While it was probably fun to make and acted as a personal catharsis for Kevin Smith and his buddies, “Clerks III” is a forced and less-frequently-funny shadow of its former self. It also strives to be affecting, and there's at least a little more success there in adding some emotional weight. Pure nostalgia and spending time with characters we like can only go so far, though, as the majority of Smith’s script is a mixed bag of observations and jokes we’ve already seen and heard from him before. It’s hard not to still be fond of these characters, even if they’re pretty much in the same spot (and not evolving has always been the point), but there’s an overall sense of desperation over this third chapter. Something about this one just feels sort of sad, and not always in the way Smith intended. 

My Chemical Romance’s “Welcome to the Black Parade” playing on the soundtrack opens the film nicely in a well-edited sequence, once again capturing the morning doldrums of opening up the Quick Stop. Even with that opening, this eventually becomes a shameless nostalgia trip, recreating the first “Clerks” in black-and-white snippets and showing footage from the actual movie. Sure, some of the fan service easily scratches the itch (salsa shark!), and Smith makes sure he gets in a few digs at his own critics. A cameo-filled audition montage is actually one of the more memorable highlights, based on face recognition and line delivery alone. Amy Sedaris and Michelle Buteau also make very funny appearances, respectively, as a doctor with a sense of humor and an irate mother in the Quick Stop. Other times, the self-referential humor can be strained, lazy, and self-indulgent. A big groan replaces a would-be laugh after one character says, “Wow, meta. I’ve never seen a whole movie set in a convenience store before." The rest of this movie just feels like an extension of that in-joke.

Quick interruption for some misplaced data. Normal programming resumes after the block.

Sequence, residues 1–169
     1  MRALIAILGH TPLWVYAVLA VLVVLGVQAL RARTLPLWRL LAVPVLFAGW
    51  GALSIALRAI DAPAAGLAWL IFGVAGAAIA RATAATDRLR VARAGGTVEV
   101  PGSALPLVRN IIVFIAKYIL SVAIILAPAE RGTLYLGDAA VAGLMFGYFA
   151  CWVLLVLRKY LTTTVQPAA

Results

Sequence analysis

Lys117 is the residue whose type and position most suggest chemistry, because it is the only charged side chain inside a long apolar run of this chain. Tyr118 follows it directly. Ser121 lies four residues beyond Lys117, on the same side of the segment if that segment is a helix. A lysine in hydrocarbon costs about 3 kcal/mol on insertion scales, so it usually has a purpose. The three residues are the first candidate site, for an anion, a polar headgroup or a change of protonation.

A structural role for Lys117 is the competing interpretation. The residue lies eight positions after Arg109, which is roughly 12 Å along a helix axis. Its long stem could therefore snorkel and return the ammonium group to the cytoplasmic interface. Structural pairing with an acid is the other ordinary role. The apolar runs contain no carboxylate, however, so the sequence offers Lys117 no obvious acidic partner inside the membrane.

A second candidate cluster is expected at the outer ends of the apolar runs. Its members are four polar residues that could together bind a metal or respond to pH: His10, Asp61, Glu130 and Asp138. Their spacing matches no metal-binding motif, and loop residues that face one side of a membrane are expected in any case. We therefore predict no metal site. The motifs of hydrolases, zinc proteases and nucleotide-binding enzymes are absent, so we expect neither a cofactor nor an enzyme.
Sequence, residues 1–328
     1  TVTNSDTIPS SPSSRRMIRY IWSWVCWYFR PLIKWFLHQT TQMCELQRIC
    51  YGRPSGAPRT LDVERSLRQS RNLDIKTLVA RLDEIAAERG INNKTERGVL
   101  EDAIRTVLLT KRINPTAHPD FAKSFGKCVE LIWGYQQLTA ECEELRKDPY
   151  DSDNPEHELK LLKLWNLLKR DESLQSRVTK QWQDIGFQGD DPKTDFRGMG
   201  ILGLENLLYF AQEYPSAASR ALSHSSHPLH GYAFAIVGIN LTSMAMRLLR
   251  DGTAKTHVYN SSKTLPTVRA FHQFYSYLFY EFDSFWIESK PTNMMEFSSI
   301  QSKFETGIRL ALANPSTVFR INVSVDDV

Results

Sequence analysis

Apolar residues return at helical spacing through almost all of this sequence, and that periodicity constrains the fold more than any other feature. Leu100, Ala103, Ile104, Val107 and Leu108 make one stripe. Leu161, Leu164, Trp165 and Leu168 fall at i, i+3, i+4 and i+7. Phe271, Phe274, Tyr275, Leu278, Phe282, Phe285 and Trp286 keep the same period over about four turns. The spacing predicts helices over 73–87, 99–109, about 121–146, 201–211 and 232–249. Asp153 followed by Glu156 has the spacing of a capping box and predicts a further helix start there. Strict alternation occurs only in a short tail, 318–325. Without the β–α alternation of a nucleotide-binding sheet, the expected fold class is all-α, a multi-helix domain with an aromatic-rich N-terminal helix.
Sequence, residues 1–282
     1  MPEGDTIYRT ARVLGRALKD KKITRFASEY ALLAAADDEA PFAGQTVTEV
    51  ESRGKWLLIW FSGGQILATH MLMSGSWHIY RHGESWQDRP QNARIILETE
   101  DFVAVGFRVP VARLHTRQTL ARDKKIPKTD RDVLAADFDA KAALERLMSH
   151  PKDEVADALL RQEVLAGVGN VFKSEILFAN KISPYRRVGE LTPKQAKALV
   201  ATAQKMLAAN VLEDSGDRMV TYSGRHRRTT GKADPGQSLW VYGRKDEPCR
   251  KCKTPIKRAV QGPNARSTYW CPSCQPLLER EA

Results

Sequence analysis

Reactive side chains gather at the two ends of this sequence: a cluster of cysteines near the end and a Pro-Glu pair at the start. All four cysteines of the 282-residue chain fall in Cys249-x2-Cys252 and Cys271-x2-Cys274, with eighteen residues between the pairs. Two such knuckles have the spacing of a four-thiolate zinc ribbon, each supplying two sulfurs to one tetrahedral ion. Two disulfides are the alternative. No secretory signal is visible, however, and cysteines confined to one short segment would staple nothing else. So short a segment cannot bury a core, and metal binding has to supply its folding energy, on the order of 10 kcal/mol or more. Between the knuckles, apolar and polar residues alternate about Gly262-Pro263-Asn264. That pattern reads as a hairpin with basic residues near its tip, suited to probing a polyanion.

In what has to be their swan song as Dante and Randal, Brian O’Halloran and Jeff Anderson surely tap into their most vulnerable and rawest emotional states. Their dramatic efforts test O'Halloran and Anderson's range, but the emotions ring truer than expected. A major breath of fresh air and source of warmth in "Clerks II," Rosario Dawson is reliably poignant again. She's still able to bring grace and humor as Becky, who could always hang and talk like "one of the guys." This time, when Dante visits her tombstone, he learns she's having ass-to-mouth sex with George Washington, Carl Sagan, and Malcolm X (Triple XXX) in heaven. That’s right, Becky is no longer with us, and one wishes Smith had rewritten the character to keep her alive because having her show up in a spiritual sense feels like a thankless, almost insulting, use of Dawson. Trevor Fehrman’s Elias was an endearing oddball the first time we met him, but now, a little bit of Elias (and his supposed arc as the Devil’s concubine with an ever-changing array of goth get-ups) goes a long way. On the whole, "Clerks III" feels like it's doing a disservice to these characters. Maybe we just need to assure ourselves that we already said goodbye to them in “Clerks II.”

Grade: C

Lionsgate in partnership with Fathom Events will be releasing “Clerks III” (100 min.) exclusively in theaters from September 13th - 18th.